During this period, Van Wyk was also instrumental in the formation of a support group to help his daughters and their contemporaries through struggles and discrimination that they were facing at school. The students’ involvement in student uprisings and liberation movements caused them to face harassment at school, and when his youngest daughter refused to write her final exams in protest, she was victimised by her teachers. Another of his daughters had also been beaten up in a 1985 march against the state in which she participated with the newly established student council.

Due to this increasing involvement with the liberation struggle, Van Wyk was detained by the security branch of the police on 15th June 1986 for political involvement threatening the state. At 4.30am that morning, his house was surrounded by heavily armed police. He was initially detained at a police station, Wynberg Charge Office, where he was pressured – and where he refused – to make a statement against others involved in the anti-apartheid struggle. He was then transferred to Victor Verster Prison where he was detained for 90 days. He was one of over 50,000 individuals detained across South Africa for political participation in this period.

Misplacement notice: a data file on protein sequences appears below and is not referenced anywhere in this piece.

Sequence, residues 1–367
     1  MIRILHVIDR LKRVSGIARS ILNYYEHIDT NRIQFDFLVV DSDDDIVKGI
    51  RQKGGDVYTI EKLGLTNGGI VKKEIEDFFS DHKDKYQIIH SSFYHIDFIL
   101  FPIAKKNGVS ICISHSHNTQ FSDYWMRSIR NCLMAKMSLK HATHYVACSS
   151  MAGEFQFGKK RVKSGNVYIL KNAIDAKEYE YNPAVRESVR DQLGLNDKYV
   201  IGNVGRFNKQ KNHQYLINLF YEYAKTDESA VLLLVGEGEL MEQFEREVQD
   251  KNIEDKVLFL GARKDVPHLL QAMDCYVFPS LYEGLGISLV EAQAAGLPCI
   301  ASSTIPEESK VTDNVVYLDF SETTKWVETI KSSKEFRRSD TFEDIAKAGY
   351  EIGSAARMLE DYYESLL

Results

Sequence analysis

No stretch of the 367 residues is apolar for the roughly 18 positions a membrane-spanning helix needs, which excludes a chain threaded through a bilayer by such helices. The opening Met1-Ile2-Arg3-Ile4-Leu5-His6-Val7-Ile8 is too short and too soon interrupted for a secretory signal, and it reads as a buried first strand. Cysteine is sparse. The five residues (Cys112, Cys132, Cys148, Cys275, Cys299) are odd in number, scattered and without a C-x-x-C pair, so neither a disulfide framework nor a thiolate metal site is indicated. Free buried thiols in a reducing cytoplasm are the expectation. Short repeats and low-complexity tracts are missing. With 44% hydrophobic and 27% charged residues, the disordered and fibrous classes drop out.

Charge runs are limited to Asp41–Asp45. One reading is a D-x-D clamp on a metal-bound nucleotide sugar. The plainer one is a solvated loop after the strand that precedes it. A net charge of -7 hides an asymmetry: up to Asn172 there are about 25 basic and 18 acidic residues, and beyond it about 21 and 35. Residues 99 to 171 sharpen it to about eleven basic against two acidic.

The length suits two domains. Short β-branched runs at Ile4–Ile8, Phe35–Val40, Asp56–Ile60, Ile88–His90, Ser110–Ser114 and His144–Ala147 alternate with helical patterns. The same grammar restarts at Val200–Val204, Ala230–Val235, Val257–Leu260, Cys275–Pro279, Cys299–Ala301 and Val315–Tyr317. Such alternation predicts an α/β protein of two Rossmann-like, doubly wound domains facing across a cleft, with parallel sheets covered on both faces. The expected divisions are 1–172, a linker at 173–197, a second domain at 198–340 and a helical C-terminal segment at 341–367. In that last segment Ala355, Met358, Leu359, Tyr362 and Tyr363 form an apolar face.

Inside the prison, he explained, criminal and political prisoners were separated, creating a very political environment in which he and his ‘comrades’ formed their own structures and systems. They fought for better conditions in the prison, for example, demanding better mattresses and blankets, and started a hunger strike when coloured and black prisoners were given different food. Van Wyk refers to his time in prison as a learning process that was hugely important in his political education, describing it as an equivalent of politicisation through a university education or student activism.